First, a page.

Toward a high-intensity
Impact of a single pulse of 12 x 1012 protons at 14 GeV on a 1cm-wide jet of mercury flowing at 15m/s in a 10T solenoid field: a) at the moment of impact (T=0); b) 9ms after impact; c) 15ms after impact.
To solve the mysteries of nature, physicists operate accelerators that deliver beams of particles including electrons, positrons, protons, neutrons, photons, neutrinos and nuclei. Particle physicists would like to add a muon accelerator to their list.
Results obtained with the Mercury Intense Target experiment show that this might be possible.
Muons are short-lived particles that are 200 times heavier than electrons. Physicists create muons by smashing a beam of protons into a solid or liquid target. The collisions of protons with atomic nuclei produce pions that decay within a fraction of a second to yield muons.
One of the key challenges for building a muon accelerator is the construction of an intense muon source. To be successful, scientists must build a source that consistently produces a large number of muons without destroying the target. They also must develop a strong magnet that channels these pions into a specific direction before they decay.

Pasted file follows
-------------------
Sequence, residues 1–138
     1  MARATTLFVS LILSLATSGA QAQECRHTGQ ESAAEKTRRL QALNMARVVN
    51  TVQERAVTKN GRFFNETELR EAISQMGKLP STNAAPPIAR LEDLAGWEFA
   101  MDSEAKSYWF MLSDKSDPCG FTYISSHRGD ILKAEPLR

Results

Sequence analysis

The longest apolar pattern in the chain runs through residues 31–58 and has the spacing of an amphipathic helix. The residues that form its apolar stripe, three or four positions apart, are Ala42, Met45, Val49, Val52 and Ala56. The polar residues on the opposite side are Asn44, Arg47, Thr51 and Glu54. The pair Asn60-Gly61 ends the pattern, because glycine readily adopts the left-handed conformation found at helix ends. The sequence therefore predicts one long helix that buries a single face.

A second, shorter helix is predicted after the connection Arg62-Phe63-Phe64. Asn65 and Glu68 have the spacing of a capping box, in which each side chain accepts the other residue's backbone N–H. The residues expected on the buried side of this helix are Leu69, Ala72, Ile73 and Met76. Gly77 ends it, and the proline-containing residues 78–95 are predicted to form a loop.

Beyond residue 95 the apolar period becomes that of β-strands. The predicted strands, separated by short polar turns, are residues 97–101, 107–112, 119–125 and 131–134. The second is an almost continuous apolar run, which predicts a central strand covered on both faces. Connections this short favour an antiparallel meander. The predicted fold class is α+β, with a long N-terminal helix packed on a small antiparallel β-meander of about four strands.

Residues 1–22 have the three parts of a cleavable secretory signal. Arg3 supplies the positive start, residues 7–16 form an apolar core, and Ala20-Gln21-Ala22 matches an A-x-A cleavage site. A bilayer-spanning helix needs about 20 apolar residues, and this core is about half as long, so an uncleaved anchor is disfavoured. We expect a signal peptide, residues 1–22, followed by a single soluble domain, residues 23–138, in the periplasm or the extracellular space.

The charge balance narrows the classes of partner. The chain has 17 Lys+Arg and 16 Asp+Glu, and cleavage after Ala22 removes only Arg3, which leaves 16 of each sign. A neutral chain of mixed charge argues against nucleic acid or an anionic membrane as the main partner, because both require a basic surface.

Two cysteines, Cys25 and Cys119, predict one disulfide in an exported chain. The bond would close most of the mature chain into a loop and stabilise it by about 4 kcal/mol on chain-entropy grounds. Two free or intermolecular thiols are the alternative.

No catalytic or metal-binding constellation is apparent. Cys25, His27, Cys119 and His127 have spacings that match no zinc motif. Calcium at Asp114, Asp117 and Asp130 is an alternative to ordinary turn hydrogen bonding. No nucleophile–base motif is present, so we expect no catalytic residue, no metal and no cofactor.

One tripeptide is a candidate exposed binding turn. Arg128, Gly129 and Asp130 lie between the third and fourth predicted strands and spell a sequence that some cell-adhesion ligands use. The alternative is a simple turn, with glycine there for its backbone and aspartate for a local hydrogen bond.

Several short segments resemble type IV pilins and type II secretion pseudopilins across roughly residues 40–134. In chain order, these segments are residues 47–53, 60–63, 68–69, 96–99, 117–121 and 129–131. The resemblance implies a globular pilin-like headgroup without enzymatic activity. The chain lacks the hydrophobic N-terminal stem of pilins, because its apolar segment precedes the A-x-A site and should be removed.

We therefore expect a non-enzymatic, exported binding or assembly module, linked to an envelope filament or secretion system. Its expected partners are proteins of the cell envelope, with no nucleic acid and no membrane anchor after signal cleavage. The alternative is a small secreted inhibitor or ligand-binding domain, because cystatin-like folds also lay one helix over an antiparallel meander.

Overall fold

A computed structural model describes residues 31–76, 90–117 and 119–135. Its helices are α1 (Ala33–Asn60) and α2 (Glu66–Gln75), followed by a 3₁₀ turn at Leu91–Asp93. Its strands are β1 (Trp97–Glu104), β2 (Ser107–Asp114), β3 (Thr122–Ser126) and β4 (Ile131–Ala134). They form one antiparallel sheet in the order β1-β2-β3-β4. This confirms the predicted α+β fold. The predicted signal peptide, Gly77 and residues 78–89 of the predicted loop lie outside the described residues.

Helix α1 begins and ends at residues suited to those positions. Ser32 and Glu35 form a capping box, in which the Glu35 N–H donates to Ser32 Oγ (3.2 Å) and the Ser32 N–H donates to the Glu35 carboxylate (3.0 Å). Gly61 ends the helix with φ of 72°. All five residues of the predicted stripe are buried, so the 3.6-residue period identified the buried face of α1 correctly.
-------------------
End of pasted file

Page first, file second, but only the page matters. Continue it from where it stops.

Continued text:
In November, physicists working on the MERIT experiment successfully tested a muon source concept developed by the DOE-supported Neutrino Factory and Muon Collider Collaboration. The NFMCC collaboration, which includes scientists from 41 institutions, proposed a target that consists of a free-liquid mercury jet flowing at 20m/s within the confines of a 20T solenoid field. The pions are produced by an intense proton beam that hits the jet with a beam spot size of a few millimeters.
The heat deposited in the mercury jet corresponds to the energy emitted by hundreds of 1kW heaters in a space that is 1cm in diameter and 30cm long. Can the jet survive this heat?
Using the Proton Synchrotron at CERN, the Mercury Intense Target collaboration demonstrated that the jet could, in principle, withstand a proton beam of up to 4MW power.
Left to right, seated: Hugo Pereira, CERN; Harold Kirk, BNL.
Left to right, standing: Chris Densham, RAL; HeeJin Park, BNL (obscured);
Peter Loveridge, RAL; Roger Bennett, RAL; and Kirk McDonald, Princeton. Image courtesy of Robert B. Palmer.
Result of the Week Archive